Unfortunately, there is no universal blood panel or toxin panel that looks for all ingestible toxins. There are controlled (recreational) drug panels that can find illicit drug exposure based on a urine sample. If clinical signs and history indicate illicit drugs, then this panel may be recommended.

Out-Patient Therapy and Treatment

For dogs that have mild gastrointestinal clinical signs, meaning vomiting and/or diarrhea lasting under 24 hours, no blood in vomit or diarrhea, minimal appreciable dehydration, and relatively good health otherwise, supportive out-patient therapy may be recommended.

This commonly includes:

  • Subcutaneous fluids administered under the skin to help hydrate over the following 8 – 12 hours
  • Single injection of anti-nausea medication, like maropitant (Cerenia®), which lasts in the system for about 24 hours
  • Antibiotics or probiotics for management of diarrhea based on clinical picture and physician preference
  • Bland diet instructions

For dogs that have more profound clinical signs, including those with clinical signs present for over 24 hours, dehydration noted on exam, bloody vomit and/or diarrhea, pain and/or clinically sick, in-patient therapy may be recommended.

This commonly includes:

  • Admission to the hospital
  • IV catheter placement
  • IV fluids to help rehydrate and correct electrolyte abnormalities
  • Administration of anti-nausea medications
  • Serially reassessment of vitals and clinical signs to monitor improvement and note any declines
  • Rechecking radiography or ultrasound if initially abnormal

In general, gastroenteritis will improve quickly with treatment with no long-term implications. Gastroenteritis can reoccur again if the animal is exposed to similar circumstances or has a different gastrointestinal insult.

Hemorrhagic Gastroenteritis

There is a subset disease of gastroenteritis that is much more severe and can be life threatening. Hemorrhagic gastroenteritis (commonly called HGE) is an acute onset of severe bloody vomiting and diarrhea. This is more commonly noted in small-breed dogs like Yorkshire Terriers, Miniature Schnauzers, Miniature Poodles, and Maltese. The exact causes of HGE are unknown, but thought to be secondary to an infection or hypersensitivity to Clostridium perfringens.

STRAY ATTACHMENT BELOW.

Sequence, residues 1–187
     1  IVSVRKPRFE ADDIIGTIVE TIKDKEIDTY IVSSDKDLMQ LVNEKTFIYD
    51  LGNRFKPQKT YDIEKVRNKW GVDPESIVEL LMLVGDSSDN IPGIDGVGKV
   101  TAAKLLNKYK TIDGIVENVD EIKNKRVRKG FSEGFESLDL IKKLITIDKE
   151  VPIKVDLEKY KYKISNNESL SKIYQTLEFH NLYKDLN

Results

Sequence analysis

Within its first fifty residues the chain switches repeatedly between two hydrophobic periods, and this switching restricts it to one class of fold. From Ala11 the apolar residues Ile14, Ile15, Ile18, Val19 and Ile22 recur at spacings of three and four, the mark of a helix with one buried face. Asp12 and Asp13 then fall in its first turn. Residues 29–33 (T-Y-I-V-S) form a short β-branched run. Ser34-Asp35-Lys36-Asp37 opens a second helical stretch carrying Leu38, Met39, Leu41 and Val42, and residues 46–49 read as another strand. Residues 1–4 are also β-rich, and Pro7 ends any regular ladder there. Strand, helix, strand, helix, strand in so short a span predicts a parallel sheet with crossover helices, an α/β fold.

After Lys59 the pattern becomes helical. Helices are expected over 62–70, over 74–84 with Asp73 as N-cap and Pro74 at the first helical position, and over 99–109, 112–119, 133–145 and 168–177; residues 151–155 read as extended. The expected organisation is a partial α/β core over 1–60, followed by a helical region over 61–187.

Clinical signs include:

  • Severe vomiting that may be bloody
  • Severe diarrhea that is bloody
  • Lethargy
  • Collapse
  • Dehydration
  • Shock
  • Low blood pressure and/or temperature

Diagnosis is based on clinical signs, diagnostics, and response to therapy. HGE is characterized by elevated red blood cell count (hemoconcentration) over 60% (normal levels are 25 – 55%). Other changes in blood work can include a low protein level, due to losses in the GI tract. Dogs with severe signs can have hypoglycemia (low blood glucose), electrolyte abnormalities, and coagulation (blood clotting problems) due to the large amount of fluid lost into the intestinal tract.

In dogs that have suspected HGE, quick, aggressive treatment is recommended. This includes IV catheter placement, IV fluids, anti-nausea medication, antibiotics, and gastroprotectants. In some cases where dogs lose a large amount of fluid from vomiting and diarrhea, they may also need blood or plasma transfusions. Most cases of HGE respond well to treatment and make a full recovery in 24 – 48 hours. HGE can be fatal in dogs with delayed treatment, small-breed dogs, or those with secondary, underlying health conditions.

Any dog with suspected HGE should be evaluated immediately by a veterinary hospital, as earlier treatment is recommended.